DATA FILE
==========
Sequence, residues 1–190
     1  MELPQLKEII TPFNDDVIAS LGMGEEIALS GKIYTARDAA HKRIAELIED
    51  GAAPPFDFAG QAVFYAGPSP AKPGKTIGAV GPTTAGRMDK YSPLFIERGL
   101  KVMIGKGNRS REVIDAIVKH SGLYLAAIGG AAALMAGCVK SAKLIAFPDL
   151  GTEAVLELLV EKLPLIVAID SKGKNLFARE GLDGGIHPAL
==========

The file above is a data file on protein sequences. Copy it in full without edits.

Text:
Sequence, residues 1–190
     1  MELPQLKEII TPFNDDVIAS LGMGEEIALS GKIYTARDAA HKRIAELIED
    51  GAAPPFDFAG QAVFYAGPSP AKPGKTIGAV GPTTAGRMDK YSPLFIERGL
   101  KVMIGKGNRS REVIDAIVKH SGLYLAAIGG AAALMAGCVK SAKLIAFPDL
   151  GTEAVLELLV EKLPLIVAID SKGKNLFARE GLDGGIHPAL